In this presentation I will show examples of using in situ powder diffraction to simultaneously access the structure and adsorption properties of a small pore crystalline solid. (Quasi)-equilibrium isotherms and isobars can be built directly from sequential Rietveld refinements, both on adsorption and desorption, thus addressing the hysteresis and kinetics of gas adsorption/desorption. Detailed picture of guest reorganization with an increasing uptake can be obtained.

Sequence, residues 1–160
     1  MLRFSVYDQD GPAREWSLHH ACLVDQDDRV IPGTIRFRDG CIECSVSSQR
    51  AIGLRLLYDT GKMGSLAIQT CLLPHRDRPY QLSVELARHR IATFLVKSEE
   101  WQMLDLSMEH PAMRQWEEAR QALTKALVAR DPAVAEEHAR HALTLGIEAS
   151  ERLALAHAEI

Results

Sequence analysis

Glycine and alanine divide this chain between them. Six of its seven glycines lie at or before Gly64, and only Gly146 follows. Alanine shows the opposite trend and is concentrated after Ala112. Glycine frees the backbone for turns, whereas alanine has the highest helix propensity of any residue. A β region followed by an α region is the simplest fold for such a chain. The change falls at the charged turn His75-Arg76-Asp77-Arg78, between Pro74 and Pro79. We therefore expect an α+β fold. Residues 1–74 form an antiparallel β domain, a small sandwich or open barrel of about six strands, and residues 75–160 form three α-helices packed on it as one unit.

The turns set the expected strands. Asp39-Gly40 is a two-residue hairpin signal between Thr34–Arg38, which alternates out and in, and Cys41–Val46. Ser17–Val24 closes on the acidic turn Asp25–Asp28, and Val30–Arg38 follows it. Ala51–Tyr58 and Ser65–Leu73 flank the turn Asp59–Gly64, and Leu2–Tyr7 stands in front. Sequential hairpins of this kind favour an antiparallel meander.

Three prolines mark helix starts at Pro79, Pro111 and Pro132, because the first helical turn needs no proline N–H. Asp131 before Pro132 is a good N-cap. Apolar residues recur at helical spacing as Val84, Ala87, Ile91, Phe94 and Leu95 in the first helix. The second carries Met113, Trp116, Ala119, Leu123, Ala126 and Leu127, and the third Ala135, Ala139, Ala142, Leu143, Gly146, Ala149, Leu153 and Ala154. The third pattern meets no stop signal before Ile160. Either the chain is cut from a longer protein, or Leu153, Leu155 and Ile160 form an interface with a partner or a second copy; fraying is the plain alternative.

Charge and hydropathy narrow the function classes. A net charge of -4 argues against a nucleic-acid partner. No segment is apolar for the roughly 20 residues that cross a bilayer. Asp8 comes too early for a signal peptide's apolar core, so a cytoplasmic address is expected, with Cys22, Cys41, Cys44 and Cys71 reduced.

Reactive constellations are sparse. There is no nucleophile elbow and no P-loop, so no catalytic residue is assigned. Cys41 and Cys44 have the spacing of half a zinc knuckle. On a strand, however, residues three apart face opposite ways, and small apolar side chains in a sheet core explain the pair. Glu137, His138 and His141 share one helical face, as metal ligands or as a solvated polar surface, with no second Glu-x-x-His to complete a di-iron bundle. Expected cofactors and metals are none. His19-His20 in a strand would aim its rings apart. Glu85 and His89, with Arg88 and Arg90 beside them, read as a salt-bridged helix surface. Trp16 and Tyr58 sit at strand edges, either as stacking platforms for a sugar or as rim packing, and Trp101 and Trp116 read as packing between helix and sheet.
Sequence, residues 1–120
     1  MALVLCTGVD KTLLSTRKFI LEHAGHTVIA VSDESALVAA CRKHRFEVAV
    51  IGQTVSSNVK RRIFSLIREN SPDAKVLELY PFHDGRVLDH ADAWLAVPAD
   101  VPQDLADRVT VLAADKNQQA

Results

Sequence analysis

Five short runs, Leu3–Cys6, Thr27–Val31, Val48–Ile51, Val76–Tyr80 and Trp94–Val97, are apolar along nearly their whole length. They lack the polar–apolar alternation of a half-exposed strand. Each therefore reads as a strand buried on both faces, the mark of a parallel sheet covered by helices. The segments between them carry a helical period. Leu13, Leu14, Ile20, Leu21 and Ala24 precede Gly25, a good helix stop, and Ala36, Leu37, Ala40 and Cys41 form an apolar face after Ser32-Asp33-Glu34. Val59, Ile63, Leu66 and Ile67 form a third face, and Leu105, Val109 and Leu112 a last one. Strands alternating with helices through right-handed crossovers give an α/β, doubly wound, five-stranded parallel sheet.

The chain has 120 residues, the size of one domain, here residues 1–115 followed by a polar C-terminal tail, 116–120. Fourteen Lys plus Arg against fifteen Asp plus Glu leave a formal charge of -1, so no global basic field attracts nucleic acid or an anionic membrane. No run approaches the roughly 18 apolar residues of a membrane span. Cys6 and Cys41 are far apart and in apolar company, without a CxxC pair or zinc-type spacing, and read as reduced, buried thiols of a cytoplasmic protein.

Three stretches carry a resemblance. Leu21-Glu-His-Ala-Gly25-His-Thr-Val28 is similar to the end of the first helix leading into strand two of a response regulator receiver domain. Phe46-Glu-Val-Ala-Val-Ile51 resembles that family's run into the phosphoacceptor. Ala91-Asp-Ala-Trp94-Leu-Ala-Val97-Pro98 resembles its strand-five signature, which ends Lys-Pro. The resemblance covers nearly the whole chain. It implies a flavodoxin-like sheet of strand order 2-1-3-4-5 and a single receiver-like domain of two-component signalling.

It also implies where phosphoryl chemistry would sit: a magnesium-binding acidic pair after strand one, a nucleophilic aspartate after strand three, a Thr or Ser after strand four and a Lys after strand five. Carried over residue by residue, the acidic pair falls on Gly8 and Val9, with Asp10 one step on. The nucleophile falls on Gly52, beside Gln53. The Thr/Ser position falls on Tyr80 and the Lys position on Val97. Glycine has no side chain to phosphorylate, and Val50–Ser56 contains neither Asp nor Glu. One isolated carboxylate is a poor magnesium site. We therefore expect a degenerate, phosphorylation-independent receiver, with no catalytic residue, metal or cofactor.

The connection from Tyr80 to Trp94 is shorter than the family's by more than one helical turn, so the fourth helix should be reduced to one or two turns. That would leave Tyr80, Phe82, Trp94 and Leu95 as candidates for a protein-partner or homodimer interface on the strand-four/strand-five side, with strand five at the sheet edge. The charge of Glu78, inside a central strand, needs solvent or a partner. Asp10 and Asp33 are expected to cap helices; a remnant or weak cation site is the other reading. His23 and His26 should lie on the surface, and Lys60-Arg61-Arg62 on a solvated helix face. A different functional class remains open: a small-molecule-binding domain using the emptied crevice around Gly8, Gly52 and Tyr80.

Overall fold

We investigated gas sorption in the porous γ-Mg(BH4)2 using neutron powder diffraction to accurately localize the guests and synchrotron X-ray powder diffraction to collect data along the adsorption isobars. The latter allows to study structural changes with pressure and temperature variation, giving insight into guest-host and guest-guest interactions, as well as to extract relevant thermodynamic parameters. I will discuss the intermolecular interactions, size effects and the role of hydridic hydrogen in physisorption. In this small-pore system, the effect of the probe size on the loading capacity and the location of the guest molecules is remarkable. While typically each pore can be occupied by one or two larger guests, the amount of hydrogen can go up to 5 molecules per pore, yielding the total capacity of 2.33 H2 molecules per Mg atom.